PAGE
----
The Bank of England's chief cashier and director of notes, Sarah John, has said that it is "crucial" for central banks to research digital currencies before private companies dominate the space.
"We need to think as an institution about how to position ourselves to make sure society still has a broad range of payments that it can use with confidence," John told The Telegraph U.K. in an interview published Saturday. "It is absolutely right that central banks think about whether a public sector or private sector would be best to provide a digital currency going forward," she added.
Central banks around the world are increasingly dabbling in digital currencies. Last month, the Bank of England formed a group with five other central banks - the Bank of Canada, the Bank of Japan, the European Central Bank, the Sveriges Riksbank (Sweden) and the Swiss National Bank - to explore potential use cases for digital currencies.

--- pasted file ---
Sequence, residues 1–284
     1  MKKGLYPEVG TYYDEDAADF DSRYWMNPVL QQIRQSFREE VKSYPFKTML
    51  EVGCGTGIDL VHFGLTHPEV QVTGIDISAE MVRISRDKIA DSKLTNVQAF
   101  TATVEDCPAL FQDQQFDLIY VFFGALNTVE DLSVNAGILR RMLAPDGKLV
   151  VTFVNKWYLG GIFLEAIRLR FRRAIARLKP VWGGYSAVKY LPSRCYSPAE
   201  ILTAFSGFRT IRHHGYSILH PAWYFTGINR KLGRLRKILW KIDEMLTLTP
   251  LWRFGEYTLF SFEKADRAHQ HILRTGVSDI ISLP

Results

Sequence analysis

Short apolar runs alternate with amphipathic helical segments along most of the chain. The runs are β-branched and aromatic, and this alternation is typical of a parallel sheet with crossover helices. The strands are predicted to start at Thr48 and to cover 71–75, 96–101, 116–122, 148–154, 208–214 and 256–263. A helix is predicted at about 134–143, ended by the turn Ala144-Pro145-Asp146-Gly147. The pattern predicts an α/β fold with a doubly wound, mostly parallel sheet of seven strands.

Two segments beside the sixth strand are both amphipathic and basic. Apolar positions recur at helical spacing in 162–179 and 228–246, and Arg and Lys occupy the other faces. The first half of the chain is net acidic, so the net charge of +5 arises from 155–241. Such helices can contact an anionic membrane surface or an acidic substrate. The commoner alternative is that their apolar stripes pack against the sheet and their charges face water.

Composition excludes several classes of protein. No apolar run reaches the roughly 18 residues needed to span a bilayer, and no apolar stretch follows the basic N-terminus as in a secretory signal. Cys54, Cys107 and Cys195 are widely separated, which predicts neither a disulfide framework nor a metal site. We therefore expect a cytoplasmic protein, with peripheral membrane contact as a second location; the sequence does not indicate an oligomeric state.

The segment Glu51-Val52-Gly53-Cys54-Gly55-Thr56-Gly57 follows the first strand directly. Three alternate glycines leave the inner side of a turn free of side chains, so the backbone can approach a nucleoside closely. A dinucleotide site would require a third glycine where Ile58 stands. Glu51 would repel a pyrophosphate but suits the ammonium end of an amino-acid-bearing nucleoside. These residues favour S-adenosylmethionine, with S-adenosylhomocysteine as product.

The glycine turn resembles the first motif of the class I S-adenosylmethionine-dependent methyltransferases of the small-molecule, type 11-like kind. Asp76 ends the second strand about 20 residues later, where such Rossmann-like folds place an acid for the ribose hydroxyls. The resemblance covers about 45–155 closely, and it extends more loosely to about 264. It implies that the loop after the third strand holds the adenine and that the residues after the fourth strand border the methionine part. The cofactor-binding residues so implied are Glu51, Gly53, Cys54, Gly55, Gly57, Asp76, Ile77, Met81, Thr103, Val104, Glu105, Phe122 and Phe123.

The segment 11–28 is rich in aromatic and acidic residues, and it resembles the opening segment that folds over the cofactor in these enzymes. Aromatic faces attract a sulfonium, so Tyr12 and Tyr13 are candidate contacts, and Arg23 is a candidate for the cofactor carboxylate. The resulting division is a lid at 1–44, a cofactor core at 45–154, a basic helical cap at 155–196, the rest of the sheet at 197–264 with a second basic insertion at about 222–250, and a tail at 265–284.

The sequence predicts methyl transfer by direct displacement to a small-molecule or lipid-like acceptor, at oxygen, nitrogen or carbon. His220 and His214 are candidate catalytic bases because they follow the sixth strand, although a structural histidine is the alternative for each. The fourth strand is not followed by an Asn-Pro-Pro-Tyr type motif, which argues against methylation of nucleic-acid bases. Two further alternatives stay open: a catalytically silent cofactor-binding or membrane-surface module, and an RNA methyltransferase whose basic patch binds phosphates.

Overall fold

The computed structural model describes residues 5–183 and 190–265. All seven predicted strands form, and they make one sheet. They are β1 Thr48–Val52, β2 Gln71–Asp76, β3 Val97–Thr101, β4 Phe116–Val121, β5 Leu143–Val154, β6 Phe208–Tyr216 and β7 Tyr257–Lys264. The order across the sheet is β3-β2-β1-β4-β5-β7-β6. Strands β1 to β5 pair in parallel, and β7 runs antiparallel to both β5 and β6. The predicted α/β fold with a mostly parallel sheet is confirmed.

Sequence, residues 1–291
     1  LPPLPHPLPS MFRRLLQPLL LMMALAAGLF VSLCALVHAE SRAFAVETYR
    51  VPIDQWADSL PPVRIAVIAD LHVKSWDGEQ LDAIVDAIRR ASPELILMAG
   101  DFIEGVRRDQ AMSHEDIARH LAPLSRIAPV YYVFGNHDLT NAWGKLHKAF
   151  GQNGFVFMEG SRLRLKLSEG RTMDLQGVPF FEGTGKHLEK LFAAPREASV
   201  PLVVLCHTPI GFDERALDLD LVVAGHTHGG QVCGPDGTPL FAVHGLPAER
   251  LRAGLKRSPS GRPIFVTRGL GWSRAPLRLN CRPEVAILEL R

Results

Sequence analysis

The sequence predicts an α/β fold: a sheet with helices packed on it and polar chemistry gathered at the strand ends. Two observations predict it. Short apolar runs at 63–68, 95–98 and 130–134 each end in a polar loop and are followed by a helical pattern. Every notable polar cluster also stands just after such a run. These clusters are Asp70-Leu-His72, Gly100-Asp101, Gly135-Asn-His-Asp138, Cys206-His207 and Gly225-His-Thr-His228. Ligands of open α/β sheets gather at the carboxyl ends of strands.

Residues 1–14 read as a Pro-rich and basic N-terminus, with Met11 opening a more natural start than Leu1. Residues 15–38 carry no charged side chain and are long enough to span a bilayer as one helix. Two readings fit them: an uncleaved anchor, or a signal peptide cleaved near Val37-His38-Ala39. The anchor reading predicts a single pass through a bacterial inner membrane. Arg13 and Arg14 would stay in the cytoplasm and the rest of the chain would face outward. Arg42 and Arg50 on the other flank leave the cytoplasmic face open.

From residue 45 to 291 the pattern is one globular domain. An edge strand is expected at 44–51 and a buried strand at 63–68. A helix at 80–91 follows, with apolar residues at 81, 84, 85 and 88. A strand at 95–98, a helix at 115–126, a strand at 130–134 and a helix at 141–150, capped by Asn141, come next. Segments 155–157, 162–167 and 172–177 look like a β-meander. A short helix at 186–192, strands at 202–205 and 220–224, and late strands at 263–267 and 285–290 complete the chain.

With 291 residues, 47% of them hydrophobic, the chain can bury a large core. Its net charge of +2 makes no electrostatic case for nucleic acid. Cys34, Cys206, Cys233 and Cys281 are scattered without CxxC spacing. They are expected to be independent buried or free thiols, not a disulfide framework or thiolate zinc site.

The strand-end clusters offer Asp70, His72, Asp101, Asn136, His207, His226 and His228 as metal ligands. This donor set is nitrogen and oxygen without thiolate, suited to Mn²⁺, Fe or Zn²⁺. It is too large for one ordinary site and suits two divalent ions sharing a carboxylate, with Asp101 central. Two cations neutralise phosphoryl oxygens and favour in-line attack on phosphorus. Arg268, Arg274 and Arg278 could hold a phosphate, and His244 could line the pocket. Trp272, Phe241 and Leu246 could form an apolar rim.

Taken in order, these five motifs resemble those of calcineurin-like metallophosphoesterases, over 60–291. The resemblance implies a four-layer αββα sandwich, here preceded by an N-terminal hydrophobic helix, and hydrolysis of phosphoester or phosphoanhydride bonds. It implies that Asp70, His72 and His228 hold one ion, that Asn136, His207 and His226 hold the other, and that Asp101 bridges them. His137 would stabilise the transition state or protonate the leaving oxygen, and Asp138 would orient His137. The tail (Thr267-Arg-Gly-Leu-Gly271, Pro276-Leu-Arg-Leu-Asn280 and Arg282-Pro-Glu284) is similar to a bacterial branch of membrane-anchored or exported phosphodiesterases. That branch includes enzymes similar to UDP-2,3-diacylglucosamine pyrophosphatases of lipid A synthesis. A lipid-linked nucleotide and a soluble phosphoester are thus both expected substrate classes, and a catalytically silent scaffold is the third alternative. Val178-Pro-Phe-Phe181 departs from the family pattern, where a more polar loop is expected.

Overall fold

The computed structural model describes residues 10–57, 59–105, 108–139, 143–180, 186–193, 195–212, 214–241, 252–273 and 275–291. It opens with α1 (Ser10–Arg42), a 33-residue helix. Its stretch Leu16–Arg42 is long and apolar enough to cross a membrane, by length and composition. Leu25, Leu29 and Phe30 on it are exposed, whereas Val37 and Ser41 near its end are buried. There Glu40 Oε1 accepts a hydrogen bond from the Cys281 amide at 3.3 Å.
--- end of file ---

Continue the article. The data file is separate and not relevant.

In August, outgoing Bank of England Governor Mark Carney said a central bank-supported digital currency could replace the U.S. dollar as the global hedge currency. Carney's term ends on March 15. Andrew Bailey, currently the CEO of the U.K.'s Financial Conduct Authority, would take over Carney's role from March 16.